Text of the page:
:
: " . . . We however, who extend the accuracy of the Spirit to the merest stroke and tittle, will never admit the impious assertion that even the smallest matters were dealt with haphazard by those who have recorded them, and have thus been borne in mind down to the present day: on the contrary, their purpose has been to supply memorials and instructions for our consideration under similar circumstances, should such befall us, and that the examples of the past might serve as rules and models, for our warning and imitation."

Just wondering: Who here really wants to defend the accuracy of every "merest stroke and tittle" in the scriptures as we have them? Who would even want to defend them in the original manuscripts? (Are we seriously ruling out the possibility that the authors of the original manuscripts might not have, e.g., written something down and crossed it out before continuing with their writing?)

#105 J.A.A. Purves

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Posted 21 May 2011 - 01:40 PM

I've been meaning to just start a separate thread on the Doctrine of Inerrancy. I'll try to when I get the chance.

Here's the separate thread, since I'm afraid Nezpop's original (and interesting) topic of discussion has been completely ignored for a couple pages now.

I'd suggest hitting "Reply" to comments here, cutting and pasting the comment you intend to respond to, and then moving it over. Biblical Inerrancy is a big enough subject to get its own thread anyhow.

Edited by Persiflage, 21 May 2011 - 01:41 PM.


#106 SDG

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Posted 04 July 2011 - 11:40 AM

An Independence Day meditation on patriotism from the writings of Chesterton.

The man who loves his own children is much more universal, is much more fully in the general order, than the man who dandles the infant hippopotamus or puts the young crocodile in a perambulator. For in loving his own children he is doing something which is (if I may use the phrase) far more essentially hippopotamic than dandling hippopotami; he is doing as they do. It is the same with patriotism. A man who loves humanity and ignores patriotism is ignoring humanity. The man who loves his country may not happen to pay extravagant verbal compliments to humanity, but he is paying to it the greatest of compliments - imitation.

The fundamental spiritual advantage of patriotism and such sentiments is this: that by means of it all things are loved adequately, because all things are loved individually. Cosmopolitanism gives us one country, and it is good; nationalism gives us a hundred countries, and every one of them is the best. Cosmopolitanism offers a positive, patriotism a chorus of superlatives. Patriotism begins the praise of the world at the nearest thing, instead of beginning it at the most distant, and thus it insures what is, perhaps, the most essential of all earthly considerations, that nothing upon earth shall go without its due appreciation. Wherever there is a strangely-shaped mountain upon some lonely island, wherever there is a nameless kind of fruit growing in some obscure forest, patriotism insures that this shall not go into darkness without being remembered in a song.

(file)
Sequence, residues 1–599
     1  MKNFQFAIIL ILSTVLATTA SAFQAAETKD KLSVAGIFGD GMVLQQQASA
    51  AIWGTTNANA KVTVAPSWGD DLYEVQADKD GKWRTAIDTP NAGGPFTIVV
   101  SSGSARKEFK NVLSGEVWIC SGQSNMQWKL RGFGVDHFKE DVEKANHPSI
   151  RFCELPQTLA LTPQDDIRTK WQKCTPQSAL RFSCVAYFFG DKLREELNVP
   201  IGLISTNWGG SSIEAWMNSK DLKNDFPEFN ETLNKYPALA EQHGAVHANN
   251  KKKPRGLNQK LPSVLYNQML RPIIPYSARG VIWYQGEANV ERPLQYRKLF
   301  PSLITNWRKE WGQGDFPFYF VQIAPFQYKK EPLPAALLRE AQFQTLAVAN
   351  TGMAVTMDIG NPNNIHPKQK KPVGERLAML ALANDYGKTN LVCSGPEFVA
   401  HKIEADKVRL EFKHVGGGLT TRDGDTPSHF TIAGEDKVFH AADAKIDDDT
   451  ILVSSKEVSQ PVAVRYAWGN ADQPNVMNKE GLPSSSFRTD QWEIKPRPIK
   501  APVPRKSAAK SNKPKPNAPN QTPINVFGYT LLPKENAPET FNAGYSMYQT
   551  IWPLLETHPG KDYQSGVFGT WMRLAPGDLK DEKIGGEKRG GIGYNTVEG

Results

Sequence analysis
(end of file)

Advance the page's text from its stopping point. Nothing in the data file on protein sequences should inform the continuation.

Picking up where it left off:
#107 Andy Whitman

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Posted 08 July 2011 - 09:54 AM

An Independence Day meditation on patriotism from the writings of Chesterton.

The man who loves his own children is much more universal, is much more fully in the general order, than the man who dandles the infant hippopotamus or puts the young crocodile in a perambulator. For in loving his own children he is doing something which is (if I may use the phrase) far more essentially hippopotamic than dandling hippopotami; he is doing as they do. It is the same with patriotism. A man who loves humanity and ignores patriotism is ignoring humanity. The man who loves his country may not happen to pay extravagant verbal compliments to humanity, but he is paying to it the greatest of compliments - imitation.

The fundamental spiritual advantage of patriotism and such sentiments is this: that by means of it all things are loved adequately, because all things are loved individually. Cosmopolitanism gives us one country, and it is good; nationalism gives us a hundred countries, and every one of them is the best. Cosmopolitanism offers a positive, patriotism a chorus of superlatives. Patriotism begins the praise of the world at the nearest thing, instead of beginning it at the most distant, and thus it insures what is, perhaps, the most essential of all earthly considerations, that nothing upon earth shall go without its due appreciation. Wherever there is a strangely-shaped mountain upon some lonely island, wherever there is a nameless kind of fruit growing in some obscure forest, patriotism insures that this shall not go into darkness without being remembered in a song.

I know we're past the Fourth of July, and I relish freedom and fireworks as much as the next guy, but I still find this a curious and naive piece of writing.

I think it's worth noting that Chesterton wrote this passage in 1904, well before the outbreaks of nationalism that resulted in the first and second world wars. I wonder if he would have been so optimistic if he had written in, say, 1942.